Retiring in a different country involves a myriad of decisions and planning. If you are interested in retiring abroad, then understanding the tax implications of moving out of the U.S. is vital in being prepared to make the transition to living overseas.
For seniors retiring abroad, the rules and regulations for paying taxes differ based on citizenship status, country of residence, sources of income and more.
Researching the tax rules that apply to your unique situation is the best way to ensure you are following all required laws and avoid issues with the U.S. or the government in your new country of residence. Understanding the tax laws for retiring abroad that could affect your future income and/or savings can help you make financial decisions related to retiring outside of the U.S. Consider the following information about tax situations that may arise while living in a foreign country as a retiree.
If you are living in a foreign country as a retiree but are still a U.S. citizen, then you are still required to pay taxes and file tax returns every year. Depending on your state of residence in the U.S. before moving overseas, you may be required to file a yearly state return and/or pay state taxes on your income. You must follow U.S. tax laws while living abroad even if your permanent residence is now abroad and/or your income is not subject to tax costs. Only under special circumstances will a retiree living abroad not have to file yearly a tax return with the IRS.
On a yearly return, you must provide information about your worldwide income, including money held in trusts and/or banks in your new country of residence or any other foreign country. IRS tax returns require all forms of income and deductible expenses, regardless of the type of currency, to be included within a return. Withholding or providing false information on a tax return is subject to fines and/or criminal prosecution, so ensuring accurate and complete personal and financial information is filled out on a yearly return is imperative for expatriates.
For senior retirees living abroad who end up owing taxes to the IRS, the tax payment must be made in U.S. dollars.
For many seniors, Social Security is an important form of income during retirement. If Social Security is your only form of income while retiring abroad, then you may not have to file a federal tax return with the IRS or pay any taxes on the benefits. However, if you are receiving other forms of income besides Social Security during retirement such as a part-time job or self-employment, then the U.S. may impose taxes on the income and you will be required to submit a federal tax return.
Depending on the tax rules in a country, you may be required to file taxes separately in your new country of residence. However, most countries do not impose taxes on retirement income. If the new country of residence and the U.S. are imposing taxes on the same income, then you can apply for a deduction. Keep in mind that every country has different tax rules, and you should understand these regulations before moving abroad to avoid financial complications in the future. Be sure to keep a close eye on due dates for returns in the countries where you are filing taxes.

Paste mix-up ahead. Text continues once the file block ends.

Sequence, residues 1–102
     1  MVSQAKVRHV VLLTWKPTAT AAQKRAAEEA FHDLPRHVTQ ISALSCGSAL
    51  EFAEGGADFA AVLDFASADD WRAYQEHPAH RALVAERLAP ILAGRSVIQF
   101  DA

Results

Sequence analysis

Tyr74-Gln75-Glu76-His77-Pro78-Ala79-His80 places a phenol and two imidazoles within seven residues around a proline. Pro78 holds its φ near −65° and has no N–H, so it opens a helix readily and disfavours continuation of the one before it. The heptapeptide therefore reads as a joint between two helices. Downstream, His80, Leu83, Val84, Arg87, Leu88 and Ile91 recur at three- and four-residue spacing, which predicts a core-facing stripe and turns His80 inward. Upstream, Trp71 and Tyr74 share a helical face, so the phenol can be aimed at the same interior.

Retirees living overseas who become self-employed or take on a full- or part-time job may be eligible for the Foreign Earned Income Exclusion (FEIE). The FEIE allows Americans working in another country to not be taxed on their foreign-earned income.
If you are living in a foreign country as a retired senior, then you are usually required to meet the minimum essential coverage (MEC) level for health insurance implemented by the Affordable Care Act. However, if you are a resident of a foreign country or are living abroad for 330 days out of a year, then the U.S. considers you to be exempted from the MEC health insurance requirement.
The U.S. also has tax treaties with some foreign countries. If you are living in a country that has a tax treaty with the U.S., then you may be exempt from U.S. income taxes or eligible for a reduced taxation rate, deductions or credits. Some states honor tax treaties, while others do not. Seniors should consult a tax specialist and/or do research to find out what foreign tax rules apply to their unique situation.
For retirees who decide to relinquish citizenship or permanent resident status in the U.S., a dual-status alien form and expatriation statement must be submitted in place of a yearly tax return. An expatriation statement must also be submitted to the IRS.
Seniors who have relinquished citizenship or permanent resident status are still eligible to receive Social Security benefits and other forms of retirement income. However, Social Security may be taxed differently for expatriates. The Social Security Administration (SSA) withholds a percentage of the nonresident alien tax unless you live in a country that qualifies for a tax treaty benefit. The percentage withheld from Social Security benefits in these situations is usually a significant amount.
Because expatriates are considered non-U.S. citizens, they are usually subject to paying higher taxes on certain items than regular U.S. citizens. Expatriates pay much higher estate taxes on assets than U.S. citizens. Furthermore, non-U.S. citizens are also required to pay gift taxes and exit taxes, when applicable. Gift taxes limit the exchange of assets between spouses. Exit taxes may be applied to the assets of expatriates with net future gain.
Ultimately retired seniors should research the pros and cons of relinquishing citizenship or permanent resident status from the U.S. If you are going to pay more in taxes as an expatriate than as a citizen residing in a foreign country, then remaining a U.S. citizen may be the best idea. Conversely, if relinquishing U.S. citizenship is more beneficial to your personal and/or financial situation, then becoming an expatriate may be the right option for you.